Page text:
Archaeologists identify 67-year-old shipwreck off Florida coast

Archaeologists have identified a 67-year-old shipwreck revealed during low tide on New Year's Day in the waters off northeast Florida.

The Lighthouse Archaeological Maritime Program confirmed that the ship is the Bermuda-based Deliverance, which wrecked in 1947 off Ponte Vedra Beach.

Low tides revealed 80 feet of the motorized ship's iron and timber, giving archaeologists clues to check against local lists of shipwrecks in the area and international shipping reports.

Archaeologists told The Florida Times-Union that the Deliverance sailed between Jacksonville and Bermuda before sinking in a fierce storm on Dec. 13, 1947.

“It was pretty cool, actually,” said Chuck Meide, director of the St. Augustine Lighthouse and Museum program. “You feel like an armchair archaeologist because we figured it out after we were back from the field. Everything else was done from the chair with a computer in front of us. Doing research has changed over the years.”

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It's not uncommon for the eroded hulls of shipwrecks to emerge during heavy storms from the waters off Ponte Vedra Beach. About five iron ribs from the Deliverance surfaced in 2008, and Meide’s staff studied the wreck.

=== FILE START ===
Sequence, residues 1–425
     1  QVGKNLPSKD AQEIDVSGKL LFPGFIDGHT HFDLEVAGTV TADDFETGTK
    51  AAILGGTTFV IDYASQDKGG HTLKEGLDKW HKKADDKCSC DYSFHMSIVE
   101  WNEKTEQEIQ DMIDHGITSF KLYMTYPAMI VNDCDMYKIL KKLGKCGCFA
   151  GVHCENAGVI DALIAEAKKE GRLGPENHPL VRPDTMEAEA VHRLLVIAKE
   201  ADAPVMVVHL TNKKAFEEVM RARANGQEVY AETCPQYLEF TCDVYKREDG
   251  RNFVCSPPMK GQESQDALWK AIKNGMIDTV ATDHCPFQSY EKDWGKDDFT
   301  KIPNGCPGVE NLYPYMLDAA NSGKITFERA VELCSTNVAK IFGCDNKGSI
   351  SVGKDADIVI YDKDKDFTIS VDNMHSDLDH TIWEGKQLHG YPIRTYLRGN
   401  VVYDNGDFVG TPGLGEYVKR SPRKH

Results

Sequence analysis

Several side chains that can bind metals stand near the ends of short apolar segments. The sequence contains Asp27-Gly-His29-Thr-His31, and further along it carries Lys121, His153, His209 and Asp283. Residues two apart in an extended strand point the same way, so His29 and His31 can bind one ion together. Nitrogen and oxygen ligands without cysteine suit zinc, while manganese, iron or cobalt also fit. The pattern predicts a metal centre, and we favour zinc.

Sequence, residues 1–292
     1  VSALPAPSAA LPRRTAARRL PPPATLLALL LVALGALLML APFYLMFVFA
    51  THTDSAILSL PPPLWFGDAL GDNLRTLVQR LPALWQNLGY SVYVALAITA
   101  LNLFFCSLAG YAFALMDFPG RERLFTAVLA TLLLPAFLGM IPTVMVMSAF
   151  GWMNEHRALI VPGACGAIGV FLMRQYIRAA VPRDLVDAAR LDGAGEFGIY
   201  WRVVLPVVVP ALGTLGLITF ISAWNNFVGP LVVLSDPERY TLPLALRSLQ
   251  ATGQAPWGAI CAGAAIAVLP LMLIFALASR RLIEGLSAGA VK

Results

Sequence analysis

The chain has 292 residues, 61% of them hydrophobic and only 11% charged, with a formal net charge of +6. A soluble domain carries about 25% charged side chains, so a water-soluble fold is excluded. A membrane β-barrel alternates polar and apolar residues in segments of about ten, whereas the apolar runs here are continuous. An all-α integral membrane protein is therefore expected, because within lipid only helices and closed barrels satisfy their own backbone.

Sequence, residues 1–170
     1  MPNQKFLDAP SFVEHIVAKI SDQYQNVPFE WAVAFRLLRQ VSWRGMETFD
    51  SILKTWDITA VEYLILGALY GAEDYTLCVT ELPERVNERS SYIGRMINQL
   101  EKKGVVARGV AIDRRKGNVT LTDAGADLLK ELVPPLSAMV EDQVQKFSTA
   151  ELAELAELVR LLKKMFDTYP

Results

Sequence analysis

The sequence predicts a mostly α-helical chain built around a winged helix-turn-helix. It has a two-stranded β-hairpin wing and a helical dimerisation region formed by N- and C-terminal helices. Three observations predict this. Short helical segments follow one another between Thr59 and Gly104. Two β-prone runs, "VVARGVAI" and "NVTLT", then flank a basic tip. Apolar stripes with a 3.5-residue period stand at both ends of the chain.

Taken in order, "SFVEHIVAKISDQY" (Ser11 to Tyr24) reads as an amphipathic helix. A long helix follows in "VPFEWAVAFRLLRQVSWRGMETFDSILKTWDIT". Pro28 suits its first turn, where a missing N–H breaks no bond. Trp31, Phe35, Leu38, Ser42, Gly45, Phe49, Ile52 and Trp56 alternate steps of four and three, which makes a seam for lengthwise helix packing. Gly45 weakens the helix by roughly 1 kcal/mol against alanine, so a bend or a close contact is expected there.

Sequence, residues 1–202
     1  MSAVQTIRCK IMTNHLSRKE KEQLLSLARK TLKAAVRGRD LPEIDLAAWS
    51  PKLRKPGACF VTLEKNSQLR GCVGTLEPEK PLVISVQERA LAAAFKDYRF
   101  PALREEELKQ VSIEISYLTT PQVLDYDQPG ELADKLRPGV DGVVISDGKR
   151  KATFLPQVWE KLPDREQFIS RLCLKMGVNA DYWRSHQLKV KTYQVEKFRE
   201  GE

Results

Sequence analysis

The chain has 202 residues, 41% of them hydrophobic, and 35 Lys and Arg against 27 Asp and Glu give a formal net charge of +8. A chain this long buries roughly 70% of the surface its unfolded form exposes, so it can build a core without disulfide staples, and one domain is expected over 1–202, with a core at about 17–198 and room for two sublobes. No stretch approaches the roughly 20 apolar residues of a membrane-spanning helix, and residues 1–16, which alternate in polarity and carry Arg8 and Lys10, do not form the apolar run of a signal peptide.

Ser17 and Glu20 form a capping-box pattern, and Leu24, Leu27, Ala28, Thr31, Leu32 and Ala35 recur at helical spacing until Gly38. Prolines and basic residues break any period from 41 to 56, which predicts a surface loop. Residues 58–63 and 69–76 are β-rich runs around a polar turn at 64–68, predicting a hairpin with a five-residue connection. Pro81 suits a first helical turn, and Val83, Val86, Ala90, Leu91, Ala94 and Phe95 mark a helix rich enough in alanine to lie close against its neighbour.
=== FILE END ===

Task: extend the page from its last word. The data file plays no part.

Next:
After checking a list of ships wrecked in the area 1866 to 1974, archaeologists determined that the wreckage matched a description of the Deliverance, The Florida Times-Union reported.

Staff archaeologist Brendan Burke found final evidence in story in the online archives of a newspaper in Singapore confirming that the boat sank in a storm, despite the efforts of Capt. Wilson King and his crew, one of whom swam to shore for help.

“There it was in black and white,” he told the paper. “It was run ashore in a fierce storm and appeared to be in danger of breaking up. … That was the smoking gun for this case.”

The Times-Union reported that the archeologists will next attempt to determine the age of the Deliverance. The group also plans to investigate a 1782 British ship located off St. Augustine that was involved in the evacuation of Charleston.

The Associated Press contributed to this report.

Click here for more from The Florida Times-Union.